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Mountain operations, like the Hobet 21 mine near Danville, West Virginia, yield one ton of coal for every 16 tons of terrain displaced. (Paul Corbit Brown)

Mining the Mountains

Explosives and giant machines are destroying Appalachian peaks to obtain coal. In a tiny West Virginia town, residents and the industry fight over a mountain's fate

Mayor Hobbs is Ansted's top tourism booster, a position he came to by a circuitous route. With no good prospects in town, he got a job in 1963 with C&P Telephone in Washington, D.C. Thirty years later, after a telecommunications career that took him to 40 states and various foreign countries, he returned to Ansted in one of AT&T's early work-from-home programs. He retired in 2000 and became mayor three years later, with ambitious tourism-development plans. "We're hoping to build a trail system to connect two national rivers together, and we'd be at the center of that—hunting, fishing, biking, hiking trails. The town has embraced that," Hobbs told me in his office, which is festooned with trail and park maps. What happens if the peak overlooking Ansted becomes even more of a mountaintop removal site? "A lot of this will be lost. 1961 is my reference point. [Coal companies] went away and left only a cloud of dust behind, and it's my fear that that's what will happen again with mountaintop removal."

Follow one of the old mining roads toward the top of Ansted's 2,500-foot ridge and the picturesque view changes startlingly. Once the road passes the crest, the mountain becomes an industrial zone. On the day that I visited, countless felled trees were scattered across a slope stripped clear by bulldozers. Such timber is sometimes sold, but the trees are more often burned—a practice that amplifies coal's considerable impact on air pollution and global warming, both by generating carbon dioxide and by eliminating living trees, which absorb atmospheric carbon dioxide. Half a mile beyond that treeless slope, a mountain peak had been rendered like a carcass in a meat factory: its outermost rock layers had been blasted away, the remains dumped in nearby hollows, creating "valley fills." Heavy earth-moving equipment had scraped out the thin layers of coal. A broad outcropping of pale brown rock remained, scheduled for later demolition.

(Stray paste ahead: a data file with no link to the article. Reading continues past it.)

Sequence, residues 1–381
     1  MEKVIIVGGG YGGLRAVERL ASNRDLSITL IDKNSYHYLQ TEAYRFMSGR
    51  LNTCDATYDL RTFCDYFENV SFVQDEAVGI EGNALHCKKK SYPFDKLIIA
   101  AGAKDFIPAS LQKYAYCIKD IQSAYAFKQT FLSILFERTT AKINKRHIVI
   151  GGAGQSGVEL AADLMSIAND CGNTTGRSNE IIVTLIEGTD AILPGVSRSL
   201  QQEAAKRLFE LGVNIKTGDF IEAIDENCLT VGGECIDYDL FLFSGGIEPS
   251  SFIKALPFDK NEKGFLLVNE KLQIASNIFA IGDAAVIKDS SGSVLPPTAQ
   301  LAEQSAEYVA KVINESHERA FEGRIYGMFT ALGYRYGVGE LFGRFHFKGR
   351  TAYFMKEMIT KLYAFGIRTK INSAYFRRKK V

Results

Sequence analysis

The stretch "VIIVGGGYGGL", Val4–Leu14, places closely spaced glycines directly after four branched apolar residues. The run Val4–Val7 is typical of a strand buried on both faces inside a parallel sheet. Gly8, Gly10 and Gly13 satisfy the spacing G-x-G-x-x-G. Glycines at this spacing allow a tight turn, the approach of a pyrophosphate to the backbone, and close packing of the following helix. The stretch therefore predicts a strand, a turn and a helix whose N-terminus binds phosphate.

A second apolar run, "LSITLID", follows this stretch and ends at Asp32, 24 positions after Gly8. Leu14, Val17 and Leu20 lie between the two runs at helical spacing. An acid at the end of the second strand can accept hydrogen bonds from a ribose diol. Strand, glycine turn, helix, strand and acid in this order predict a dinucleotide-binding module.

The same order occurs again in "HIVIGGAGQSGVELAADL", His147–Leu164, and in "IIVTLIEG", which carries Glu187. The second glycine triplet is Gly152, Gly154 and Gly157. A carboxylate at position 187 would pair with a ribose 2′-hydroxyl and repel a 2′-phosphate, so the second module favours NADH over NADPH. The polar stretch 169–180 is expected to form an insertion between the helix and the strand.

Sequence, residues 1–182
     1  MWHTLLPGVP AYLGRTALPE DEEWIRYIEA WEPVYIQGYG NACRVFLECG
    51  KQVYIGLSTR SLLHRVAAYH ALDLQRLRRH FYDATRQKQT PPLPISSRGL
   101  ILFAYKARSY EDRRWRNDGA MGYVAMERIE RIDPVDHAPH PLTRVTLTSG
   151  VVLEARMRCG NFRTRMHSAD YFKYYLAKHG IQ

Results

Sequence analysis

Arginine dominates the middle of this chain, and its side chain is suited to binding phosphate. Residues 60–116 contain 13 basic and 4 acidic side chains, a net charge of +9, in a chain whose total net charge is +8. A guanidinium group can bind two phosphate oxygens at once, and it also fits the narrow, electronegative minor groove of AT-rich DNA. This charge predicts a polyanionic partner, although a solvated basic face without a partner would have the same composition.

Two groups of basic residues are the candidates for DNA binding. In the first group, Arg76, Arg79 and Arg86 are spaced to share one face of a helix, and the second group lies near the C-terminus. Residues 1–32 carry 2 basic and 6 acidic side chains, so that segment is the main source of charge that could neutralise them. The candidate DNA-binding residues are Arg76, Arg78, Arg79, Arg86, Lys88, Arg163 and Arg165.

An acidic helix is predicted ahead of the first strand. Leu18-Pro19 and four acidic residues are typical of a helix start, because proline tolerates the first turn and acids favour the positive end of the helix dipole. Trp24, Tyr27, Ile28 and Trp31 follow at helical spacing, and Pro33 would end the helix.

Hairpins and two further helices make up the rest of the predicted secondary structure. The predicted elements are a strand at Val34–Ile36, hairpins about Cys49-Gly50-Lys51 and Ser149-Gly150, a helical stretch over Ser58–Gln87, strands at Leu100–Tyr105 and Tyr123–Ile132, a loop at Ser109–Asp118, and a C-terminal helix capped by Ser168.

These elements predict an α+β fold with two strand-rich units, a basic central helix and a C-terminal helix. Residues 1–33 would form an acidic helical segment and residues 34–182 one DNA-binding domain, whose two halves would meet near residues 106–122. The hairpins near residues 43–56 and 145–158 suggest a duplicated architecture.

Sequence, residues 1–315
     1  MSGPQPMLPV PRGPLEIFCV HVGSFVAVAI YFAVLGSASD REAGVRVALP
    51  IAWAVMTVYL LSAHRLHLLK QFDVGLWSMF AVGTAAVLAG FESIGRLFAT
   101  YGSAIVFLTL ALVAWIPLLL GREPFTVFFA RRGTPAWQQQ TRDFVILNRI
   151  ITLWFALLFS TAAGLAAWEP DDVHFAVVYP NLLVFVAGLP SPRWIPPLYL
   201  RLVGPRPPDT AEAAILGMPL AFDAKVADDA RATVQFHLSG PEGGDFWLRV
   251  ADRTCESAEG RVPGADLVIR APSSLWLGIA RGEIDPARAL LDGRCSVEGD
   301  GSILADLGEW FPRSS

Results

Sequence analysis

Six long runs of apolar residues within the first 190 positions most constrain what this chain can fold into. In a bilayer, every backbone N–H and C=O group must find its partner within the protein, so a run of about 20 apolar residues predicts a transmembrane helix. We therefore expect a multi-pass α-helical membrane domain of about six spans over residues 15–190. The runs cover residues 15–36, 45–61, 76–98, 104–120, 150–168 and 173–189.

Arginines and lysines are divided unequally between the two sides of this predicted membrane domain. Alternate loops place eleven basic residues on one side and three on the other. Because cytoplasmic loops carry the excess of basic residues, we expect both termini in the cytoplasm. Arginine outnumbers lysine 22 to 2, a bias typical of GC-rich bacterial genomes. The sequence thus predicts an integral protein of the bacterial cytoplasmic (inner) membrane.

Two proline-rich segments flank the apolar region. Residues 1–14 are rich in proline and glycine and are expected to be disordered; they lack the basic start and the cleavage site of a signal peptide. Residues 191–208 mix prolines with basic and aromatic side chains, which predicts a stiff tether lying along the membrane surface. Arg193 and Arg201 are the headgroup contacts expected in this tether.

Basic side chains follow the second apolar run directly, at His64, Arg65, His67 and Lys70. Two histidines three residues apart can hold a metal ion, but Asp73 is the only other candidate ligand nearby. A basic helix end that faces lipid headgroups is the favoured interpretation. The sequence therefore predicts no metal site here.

The scale of these projects is best appreciated from above, so I took a flight over the coal fields in a small plane provided by Southwings, a conservation-minded pilots' cooperative. The forest quickly gave way to one mining operation, then another—huge quarries scooped out of the hills. Some zones sprawl over dozens of square miles. Explosives were being set in one area. In another, diggers were scraping off layers of soil and rock—called "overburden"—on top of the coal. Trucks were carting rock and gravel to dump in adjacent valleys. Black, shimmering impoundments of sludge stretched along hillsides. Tanker trucks sprayed flattened hills with a mixture of grass seed and fertilizer, which would give rise to a sort of artificial prairie where forested peaks had been.

I've reported on devastation around the world—from natural disasters such as Hurricane Katrina, to wars in Central America and the Middle East, to coastlines in Asia degraded by fish farming. But in the sheer audacity of its destruction, mountaintop coal removal is the most shocking thing I've ever seen. Entering a mountaintop site is like crossing into a war zone. Another day, as I walked near a site on Kayford Mountain, about 20 miles southwest of An-sted, along a dirt road owned by a citizen who declined to lease to the mining companies, a thunderous boom rattled the ground. A plume of yellow smoke rose into the sky, spread out and settled over me, giving the bare trees and the chasm beyond the eerie cast of a battlefield.

To an outsider, the process may seem violent and wasteful, with a yield that can equal only about 1 ton of coal per 16 tons of overburden. But it's effective. "With mountaintop removal you're able to mine seams that you could not mine with underground mining because they are so thin—but it's a very high-quality coal," said Roger Horton, a truck driver and United Mine Workers Union representative who works at a mountaintop site in Logan, West Virginia. Mountaintop operations can mine seams less than two feet deep. "No human being could burrow into a hole 18 inches thick and extract the coal," Horton said. Typically, he adds, a project descends through seven seams across 250 vertical feet before reaching a layer of the especially high-grade coal that is used (because of the extreme heat it generates) in steel manufacturing. After that's collected, it's on to the next peak.